We all know Yellowstone National Park is home to bears and wolves. While people seem to travel here from every corner of the planet for a chance to see some of the park's large mammals, one of the most impressive species here is a bird that fits in the palm of your hand.
The American Dipper, similar to the water ouzel found in Britain, can easily be seen during almost any season. The park includes nearly 1000 rivers and streams that make up approximately 2500 miles of running water. Many miles of those streams continue to run free in winter due to thermal runoff from the park's nearly 10,000 thermal features.
The habitat created is perfect for dippers. These slate gray birds have short tails and can be found along fast-moving sections of water. They are usually perched on rocks or logs, dipping and diving into the current. It is this dipping action that gives these little birds their name.
The American Dipper, which can be found throughout the American west, is considered North America's only true aquatic song bird. Their beautiful song can often be heard over the rush of running water. While males and females look alike, the male is usually a little larger.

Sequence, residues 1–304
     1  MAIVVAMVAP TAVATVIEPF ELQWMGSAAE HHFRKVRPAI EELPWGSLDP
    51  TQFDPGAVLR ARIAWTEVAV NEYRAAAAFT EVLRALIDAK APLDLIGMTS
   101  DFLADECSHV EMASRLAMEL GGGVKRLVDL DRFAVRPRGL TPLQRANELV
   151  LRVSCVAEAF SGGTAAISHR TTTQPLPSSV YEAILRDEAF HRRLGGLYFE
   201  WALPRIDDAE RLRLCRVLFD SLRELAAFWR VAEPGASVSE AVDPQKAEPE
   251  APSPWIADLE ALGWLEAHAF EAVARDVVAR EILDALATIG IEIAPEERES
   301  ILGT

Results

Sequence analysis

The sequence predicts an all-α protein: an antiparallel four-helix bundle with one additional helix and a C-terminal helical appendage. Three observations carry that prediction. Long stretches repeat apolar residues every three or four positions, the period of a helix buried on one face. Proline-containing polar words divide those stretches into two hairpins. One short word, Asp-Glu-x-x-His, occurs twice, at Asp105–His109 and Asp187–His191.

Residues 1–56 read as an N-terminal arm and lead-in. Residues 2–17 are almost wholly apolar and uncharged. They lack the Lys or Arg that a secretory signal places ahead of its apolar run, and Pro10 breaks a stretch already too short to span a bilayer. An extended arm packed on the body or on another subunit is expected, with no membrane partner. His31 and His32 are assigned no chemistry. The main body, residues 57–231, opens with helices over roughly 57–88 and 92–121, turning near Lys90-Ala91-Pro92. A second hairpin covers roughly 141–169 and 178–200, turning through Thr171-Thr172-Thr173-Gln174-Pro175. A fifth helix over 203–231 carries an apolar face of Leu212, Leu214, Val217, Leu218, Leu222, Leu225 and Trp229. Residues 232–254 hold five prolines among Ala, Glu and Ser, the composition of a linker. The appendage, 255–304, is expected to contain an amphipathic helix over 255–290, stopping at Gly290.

Dippers feed entirely under water. They dip and dive into the current, so they can feed on aquatic insects along the bottom. They actually can walk on stream beds by gripping rocks along the base of the current.
Population levels vary from year to year and are believed to depend on the availability of good nesting sites. Nests are dome-like structures consisting of mosses and grass. They are built under rock ledges and overhangs, close to good feeding habitat.
In Yellowstone, the easiest places to see dippers are along the Firehole River, especially in the Firehole River Canyon, and along the Gardner River, just north of Mammoth Hot Springs. Watch for them flying just above the water surface as they look for their next feeding spot.
The American Dipper is at home in cold habitats. They have a large preen, or oil gland, that helps to keep their feathers waterproof. The next time you are in Yellowstone, or along any fast-moving western stream, take a few moments to enjoy one of nature’s coolest little birds.